KATHMANDU (TIP): Nine Sherpa ‘icefall doctors’, who risked their lives to fix ropes on the Mount Everest after last year’s devastating earthquakes, will be honoured by Prime Minister K P Sharma Oli on May 29 which is being celebrated as the 9th International Everest Day .
The Sherpas will be given a cash award of Rs 50,000 each along with certificates of appreciation by the Prime Minister, said Ang Tshering Sherpa, president of Nepal Mountaineering Association (NMA).
“Had they not fixed the ropes before this climbing season, scaling the Everest after last year’s devastating earthquake would not have been possible,” he said. “They staked their lives to fix the ropes working hard day and night,” he added.
‘Icefall doctors’ build bridges using aluminum ladders to cross deep crevasses and set ropes for mountaineers to clip their harnesses into over dangerous sections.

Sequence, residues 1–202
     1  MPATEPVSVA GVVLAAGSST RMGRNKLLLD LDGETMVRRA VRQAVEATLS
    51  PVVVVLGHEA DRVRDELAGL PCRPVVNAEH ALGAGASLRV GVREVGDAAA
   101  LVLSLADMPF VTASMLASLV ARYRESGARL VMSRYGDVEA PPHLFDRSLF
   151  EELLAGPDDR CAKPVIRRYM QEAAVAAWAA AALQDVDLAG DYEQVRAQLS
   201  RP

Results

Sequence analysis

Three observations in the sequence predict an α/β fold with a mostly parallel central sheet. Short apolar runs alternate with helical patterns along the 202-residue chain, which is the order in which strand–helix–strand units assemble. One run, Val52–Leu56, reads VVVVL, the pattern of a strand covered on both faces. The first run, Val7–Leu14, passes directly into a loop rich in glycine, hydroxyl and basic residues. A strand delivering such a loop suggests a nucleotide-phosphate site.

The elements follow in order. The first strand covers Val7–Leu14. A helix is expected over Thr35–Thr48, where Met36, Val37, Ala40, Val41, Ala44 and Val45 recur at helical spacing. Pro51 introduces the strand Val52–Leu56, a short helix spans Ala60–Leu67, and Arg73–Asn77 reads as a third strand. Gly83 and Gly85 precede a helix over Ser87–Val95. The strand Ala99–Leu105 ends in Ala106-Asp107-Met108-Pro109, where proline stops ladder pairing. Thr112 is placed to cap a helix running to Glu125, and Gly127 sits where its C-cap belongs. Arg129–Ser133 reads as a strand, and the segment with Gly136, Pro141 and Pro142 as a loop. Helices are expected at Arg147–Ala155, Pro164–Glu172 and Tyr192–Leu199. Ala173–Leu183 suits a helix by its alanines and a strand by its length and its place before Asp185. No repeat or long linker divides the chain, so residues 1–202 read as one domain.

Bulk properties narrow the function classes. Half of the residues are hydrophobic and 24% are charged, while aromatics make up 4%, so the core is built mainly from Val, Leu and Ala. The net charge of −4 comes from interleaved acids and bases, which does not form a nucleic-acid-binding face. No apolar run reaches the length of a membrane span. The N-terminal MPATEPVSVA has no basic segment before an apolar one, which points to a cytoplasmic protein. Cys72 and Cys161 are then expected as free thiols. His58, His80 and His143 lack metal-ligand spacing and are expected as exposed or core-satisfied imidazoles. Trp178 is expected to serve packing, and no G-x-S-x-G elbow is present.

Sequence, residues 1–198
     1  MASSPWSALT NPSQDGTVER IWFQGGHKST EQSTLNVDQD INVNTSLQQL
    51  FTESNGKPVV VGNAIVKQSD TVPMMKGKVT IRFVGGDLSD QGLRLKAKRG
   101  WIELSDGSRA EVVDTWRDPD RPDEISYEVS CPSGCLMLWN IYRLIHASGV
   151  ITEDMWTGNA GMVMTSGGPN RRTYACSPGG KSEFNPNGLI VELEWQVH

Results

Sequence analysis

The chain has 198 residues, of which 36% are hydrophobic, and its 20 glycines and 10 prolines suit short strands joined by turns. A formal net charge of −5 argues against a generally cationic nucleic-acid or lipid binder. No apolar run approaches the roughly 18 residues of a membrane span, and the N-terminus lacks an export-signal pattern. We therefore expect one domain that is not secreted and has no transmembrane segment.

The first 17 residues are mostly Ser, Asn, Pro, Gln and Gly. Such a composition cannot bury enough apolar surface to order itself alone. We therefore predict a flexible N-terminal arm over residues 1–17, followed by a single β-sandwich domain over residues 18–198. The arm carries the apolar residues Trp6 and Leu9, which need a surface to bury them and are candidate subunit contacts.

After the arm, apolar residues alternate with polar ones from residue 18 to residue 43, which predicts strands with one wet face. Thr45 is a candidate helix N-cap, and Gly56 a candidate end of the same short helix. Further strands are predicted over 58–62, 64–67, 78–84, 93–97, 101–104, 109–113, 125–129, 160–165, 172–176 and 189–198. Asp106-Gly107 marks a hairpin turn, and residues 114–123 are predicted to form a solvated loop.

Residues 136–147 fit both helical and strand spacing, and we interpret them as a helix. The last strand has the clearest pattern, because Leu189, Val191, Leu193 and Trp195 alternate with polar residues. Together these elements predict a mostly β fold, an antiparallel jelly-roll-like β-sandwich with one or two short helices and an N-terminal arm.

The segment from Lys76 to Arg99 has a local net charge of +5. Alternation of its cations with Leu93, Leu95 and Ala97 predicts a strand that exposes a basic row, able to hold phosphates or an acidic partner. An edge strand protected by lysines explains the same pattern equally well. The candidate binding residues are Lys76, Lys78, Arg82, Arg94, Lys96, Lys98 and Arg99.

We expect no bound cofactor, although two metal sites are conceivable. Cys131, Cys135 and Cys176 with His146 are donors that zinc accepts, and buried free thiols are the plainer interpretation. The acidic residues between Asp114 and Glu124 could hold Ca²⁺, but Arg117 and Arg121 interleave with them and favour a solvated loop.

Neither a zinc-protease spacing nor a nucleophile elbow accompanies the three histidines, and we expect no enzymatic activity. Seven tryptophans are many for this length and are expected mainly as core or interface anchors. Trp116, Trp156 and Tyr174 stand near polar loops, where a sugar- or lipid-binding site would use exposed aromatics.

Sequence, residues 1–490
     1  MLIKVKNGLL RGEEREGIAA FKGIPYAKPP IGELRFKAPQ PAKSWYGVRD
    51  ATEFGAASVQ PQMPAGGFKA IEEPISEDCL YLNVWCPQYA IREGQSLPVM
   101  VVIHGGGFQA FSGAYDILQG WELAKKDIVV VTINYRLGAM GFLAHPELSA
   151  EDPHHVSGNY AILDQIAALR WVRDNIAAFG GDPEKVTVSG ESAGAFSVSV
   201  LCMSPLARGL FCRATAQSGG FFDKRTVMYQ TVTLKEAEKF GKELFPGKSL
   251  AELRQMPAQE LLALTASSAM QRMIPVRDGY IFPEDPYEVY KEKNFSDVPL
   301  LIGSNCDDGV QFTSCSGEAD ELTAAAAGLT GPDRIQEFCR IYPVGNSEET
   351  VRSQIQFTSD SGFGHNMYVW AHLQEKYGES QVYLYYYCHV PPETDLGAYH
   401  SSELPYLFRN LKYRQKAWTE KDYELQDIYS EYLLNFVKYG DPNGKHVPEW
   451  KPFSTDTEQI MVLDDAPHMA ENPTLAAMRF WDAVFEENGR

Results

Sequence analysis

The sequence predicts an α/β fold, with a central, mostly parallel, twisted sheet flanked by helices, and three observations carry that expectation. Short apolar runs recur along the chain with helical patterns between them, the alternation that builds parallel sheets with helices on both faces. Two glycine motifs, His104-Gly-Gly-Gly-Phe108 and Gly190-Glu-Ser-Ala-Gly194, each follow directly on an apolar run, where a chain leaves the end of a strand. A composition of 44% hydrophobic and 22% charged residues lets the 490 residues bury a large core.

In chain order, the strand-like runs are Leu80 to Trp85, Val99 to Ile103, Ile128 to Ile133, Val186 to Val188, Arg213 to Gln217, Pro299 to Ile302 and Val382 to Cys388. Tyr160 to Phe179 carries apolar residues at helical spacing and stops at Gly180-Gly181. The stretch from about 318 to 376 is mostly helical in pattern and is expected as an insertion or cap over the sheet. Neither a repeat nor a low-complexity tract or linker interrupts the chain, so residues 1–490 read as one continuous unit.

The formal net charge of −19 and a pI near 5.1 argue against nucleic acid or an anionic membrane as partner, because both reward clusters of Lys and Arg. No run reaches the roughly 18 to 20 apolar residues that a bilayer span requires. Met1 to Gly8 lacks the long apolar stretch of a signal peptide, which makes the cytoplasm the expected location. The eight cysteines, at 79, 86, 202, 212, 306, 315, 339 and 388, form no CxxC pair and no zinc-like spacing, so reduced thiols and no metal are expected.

The nine Sherpas were the first persons to climb the world’s highest peak on May 11, after a gap of two years.
“It was a very difficult task as the ropes had to be fixed from the base camp to the 8,848-metre summit risking their lives,” he said.
There were altogether 150 people involved in fixing the routes from the base camp at an altitude of 5,970 metres to the peak situated at 8,848 metres. However, only nine of them had reached above 8,000-metre altitude.
“The diameter of the rope is nine mm and it is very weighty to carry above 8,000 metre, which was a very arduous task,” he said.
Expeditions were halted since 2014, when 16 Sherpa guides were killed in an avalanche near the base camp of the Everest.
In 2015, 18 climbers died while attempting to scale the Everest as they were swept away by a powerful avalanche triggered by the great earthquake. The route between Everest’s base camp, across the notorious Khumbu icefall, to the peak was also damaged.
The Khumbu region situated just above the base camp is a steep section of a glacier shaped like a frozen waterfall and is one of the most dangerous portions of a route, which is followed by a majority of mountaineers, to ascend the Everest peak.